Christmas again. Can you believe it? I think I just celebrated New Year’s last week! I wonder why the time flies much more rapidly as you get older. Anybody got any ideas?
Anyway, I thought I’d do a little post about my favorite Christmas movies. These films convey to me a Christmasy feeling, even though some of them don’t deal directly with the Christmas holiday. In no particular order they are:
HOLIDAY INN (1942) / Bing Crosby, Fred Astaire, Marjorie Reynolds, Virginia Dale. Director: Mark Sandrich. Crosby-Dale-Astaire song and dance team is broken up when Astaire takes Dale away. Crosby eventually heads for Connecticut (always shown in these movies to be a rural kind of place populated with funny Hollywood types), where he opens up an inn that operates only on holidays. Irving Berlin wrote a song for each of the major holidays, including the legendary White Christmas, performed for the first time in this film. Lots of charm as Bing sings and Fred dances. As expected, Berlin’s tunes are top drawer.
YOUNG AT HEART (1954) / Frank Sinatra, Doris Day, Gig Young, Ethel Barrymore. Director: Gordon Douglas. Classy remake of 1938 film, Four Daughters, in which a down-and-out piano player arrives into a warm and fuzzy home, and things are never the same. Sinatra shines as the loner with an attitude and Day warms up her cutesy persona that would permeate her films of the late 50s and early 60s. Barrymore, as Aunt Jessie, delivers many great lines.
A CHRISTMAS STORY (1983) / Peter Billingley, Darren McGavin, Melinda Dillon. Director: Bob Clark. Now-classic holiday yarn set in the 1940s, told from Ralphie’s (Billingsley’s) point of view. He craves a Red Ryder BB gun for Christmas, but his parents are adamant: it’ll put your eye out. McGavin scores big as Ralphie’s father, the “furnace fighter”, and Dillon as the weary mother. Movie touches every Christmas nerve in your body and gets better with each viewing. Often runs as a 24-hour marathon on Christmas day.
IT’S A WONDERFUL LIFE (1946) / James Stewart, Donna Reed, Lionel Barrymore. Director, Frank Capra. Stewart runs a small-town building & loan company and is well-liked by everyone but Barrymore. Things turn sour for him and he’s about to commit suicide when he is saved by his guardian angel, unforgettably played by Henry Travers. What follows is a look at what his life would’ve been like if he’d never been born. Imaginative, fanciful piece of filmmaking by Capra, who was inspired to make this movie after visiting Seneca Falls, New York, the town on which the fictional “Bedford Falls” was created.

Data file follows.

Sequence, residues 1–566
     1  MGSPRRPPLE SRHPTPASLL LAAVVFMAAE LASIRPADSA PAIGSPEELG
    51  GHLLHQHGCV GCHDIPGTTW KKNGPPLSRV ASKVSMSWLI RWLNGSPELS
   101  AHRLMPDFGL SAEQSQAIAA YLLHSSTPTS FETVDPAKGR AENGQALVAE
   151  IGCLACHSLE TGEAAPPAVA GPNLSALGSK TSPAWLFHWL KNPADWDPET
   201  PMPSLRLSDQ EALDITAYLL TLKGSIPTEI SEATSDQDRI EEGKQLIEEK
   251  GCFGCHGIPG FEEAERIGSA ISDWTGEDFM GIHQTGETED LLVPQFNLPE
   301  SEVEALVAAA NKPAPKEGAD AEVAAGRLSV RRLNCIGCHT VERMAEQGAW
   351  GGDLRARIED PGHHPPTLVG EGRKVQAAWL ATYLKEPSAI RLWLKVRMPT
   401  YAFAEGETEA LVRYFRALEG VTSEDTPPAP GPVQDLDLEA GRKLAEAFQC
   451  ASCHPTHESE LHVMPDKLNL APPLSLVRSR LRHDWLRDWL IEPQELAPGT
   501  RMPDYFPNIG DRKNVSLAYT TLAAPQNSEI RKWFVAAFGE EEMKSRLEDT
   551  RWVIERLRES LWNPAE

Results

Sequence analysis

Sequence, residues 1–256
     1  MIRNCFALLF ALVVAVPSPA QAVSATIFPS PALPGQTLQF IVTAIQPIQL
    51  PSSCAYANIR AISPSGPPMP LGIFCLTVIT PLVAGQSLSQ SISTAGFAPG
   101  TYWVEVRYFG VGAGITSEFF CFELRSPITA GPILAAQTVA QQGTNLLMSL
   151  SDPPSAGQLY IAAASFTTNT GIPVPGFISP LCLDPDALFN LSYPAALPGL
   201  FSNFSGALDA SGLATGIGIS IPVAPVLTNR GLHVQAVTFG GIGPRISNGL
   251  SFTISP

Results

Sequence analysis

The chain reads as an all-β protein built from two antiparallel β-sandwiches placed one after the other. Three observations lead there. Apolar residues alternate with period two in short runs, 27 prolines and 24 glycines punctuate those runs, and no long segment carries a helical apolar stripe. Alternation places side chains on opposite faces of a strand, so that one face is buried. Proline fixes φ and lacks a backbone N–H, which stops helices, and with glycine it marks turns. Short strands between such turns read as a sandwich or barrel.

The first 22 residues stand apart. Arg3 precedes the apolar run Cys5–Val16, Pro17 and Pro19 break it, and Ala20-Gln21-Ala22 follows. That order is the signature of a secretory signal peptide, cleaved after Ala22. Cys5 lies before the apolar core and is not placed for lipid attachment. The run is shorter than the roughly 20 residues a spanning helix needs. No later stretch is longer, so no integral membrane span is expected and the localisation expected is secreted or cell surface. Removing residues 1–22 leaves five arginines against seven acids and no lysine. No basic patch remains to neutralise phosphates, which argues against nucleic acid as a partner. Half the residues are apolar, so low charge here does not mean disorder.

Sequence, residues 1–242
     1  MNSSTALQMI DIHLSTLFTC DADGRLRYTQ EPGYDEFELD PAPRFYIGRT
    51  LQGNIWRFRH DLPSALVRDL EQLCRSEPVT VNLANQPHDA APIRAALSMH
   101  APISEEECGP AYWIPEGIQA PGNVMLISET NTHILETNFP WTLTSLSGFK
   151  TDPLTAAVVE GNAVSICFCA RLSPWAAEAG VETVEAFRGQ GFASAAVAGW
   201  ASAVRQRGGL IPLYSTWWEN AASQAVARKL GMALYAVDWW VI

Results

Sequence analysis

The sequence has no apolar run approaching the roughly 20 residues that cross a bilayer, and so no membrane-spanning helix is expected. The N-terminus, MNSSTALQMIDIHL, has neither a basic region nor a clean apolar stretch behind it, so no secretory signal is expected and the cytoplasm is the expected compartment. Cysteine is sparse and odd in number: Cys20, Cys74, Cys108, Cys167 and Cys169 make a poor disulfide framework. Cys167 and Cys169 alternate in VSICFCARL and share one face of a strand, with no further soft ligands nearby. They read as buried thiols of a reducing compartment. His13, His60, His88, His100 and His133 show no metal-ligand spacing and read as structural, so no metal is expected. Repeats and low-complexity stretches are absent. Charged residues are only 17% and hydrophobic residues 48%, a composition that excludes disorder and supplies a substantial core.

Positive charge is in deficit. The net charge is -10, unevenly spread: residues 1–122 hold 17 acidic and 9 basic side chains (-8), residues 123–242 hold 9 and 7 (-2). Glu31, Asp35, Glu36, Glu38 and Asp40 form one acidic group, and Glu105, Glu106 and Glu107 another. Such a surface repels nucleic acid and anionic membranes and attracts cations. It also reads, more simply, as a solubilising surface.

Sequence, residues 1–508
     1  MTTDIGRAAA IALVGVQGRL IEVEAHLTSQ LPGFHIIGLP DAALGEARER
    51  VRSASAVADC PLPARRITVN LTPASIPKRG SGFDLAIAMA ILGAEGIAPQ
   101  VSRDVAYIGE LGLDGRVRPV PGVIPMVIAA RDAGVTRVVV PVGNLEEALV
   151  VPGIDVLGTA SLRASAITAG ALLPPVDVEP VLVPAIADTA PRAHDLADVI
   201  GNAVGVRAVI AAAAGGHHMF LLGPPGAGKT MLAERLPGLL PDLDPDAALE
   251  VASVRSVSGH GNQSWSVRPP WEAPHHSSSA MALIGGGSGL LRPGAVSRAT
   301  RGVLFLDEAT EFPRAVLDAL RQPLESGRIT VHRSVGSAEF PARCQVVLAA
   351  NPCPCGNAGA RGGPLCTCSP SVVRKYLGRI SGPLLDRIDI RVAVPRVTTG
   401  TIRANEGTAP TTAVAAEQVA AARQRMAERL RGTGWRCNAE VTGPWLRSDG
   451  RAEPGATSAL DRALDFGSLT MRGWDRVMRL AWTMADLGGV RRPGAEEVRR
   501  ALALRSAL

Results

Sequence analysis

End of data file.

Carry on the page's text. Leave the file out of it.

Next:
CHRISTMAS IN CONNECTICUT (1946) / Barbara Stanwyck, Dennis Morgan, Sydney Greenstreet. Director: Peter Godfrey. Stanwyck writes for Greenstreet’s magazine and has everyone fooled into thinking her Martha Stewart-type articles reflect her real lifestyle, when in fact she is completely un-domestic. Enter returning war veteran Morgan and the fun begins. Pour some hot cocoa and curl up with this film on Christmas Eve.
I’LL BE SEEING YOU (1945) / Ginger Rogers, Joseph Cotten, Shirley Temple. Director: William Dieterle. Wartime tale has Rogers as convict on Christmas leave from prison. She meets Cotten, a war vet who has recovered from his physical wounds but not from the mental problems he incurred during the battles. Memorable MGM drama with the stars at the top of their form. Haunting title song stays with you.
MIRACLE ON 34th STREET (1947) / Maureen O’Hara, John Payne, Natalie Wood, Edmund Gwenn. Director: George Seaton. Gwenn is hired as a last-minute replacement Santa Claus for Macy’s Thanksgiving Day parade, eventually becomes the store Santa for the Christmas season. Pretty soon, he’s claiming to be the real Santa Claus. Good-natured film hits all the right spots in attaining its well-deserved classic status. Film won four Oscars, including one for Gwenn in a supporting role. Lost out for Best Picture to Gentleman’s Agreement.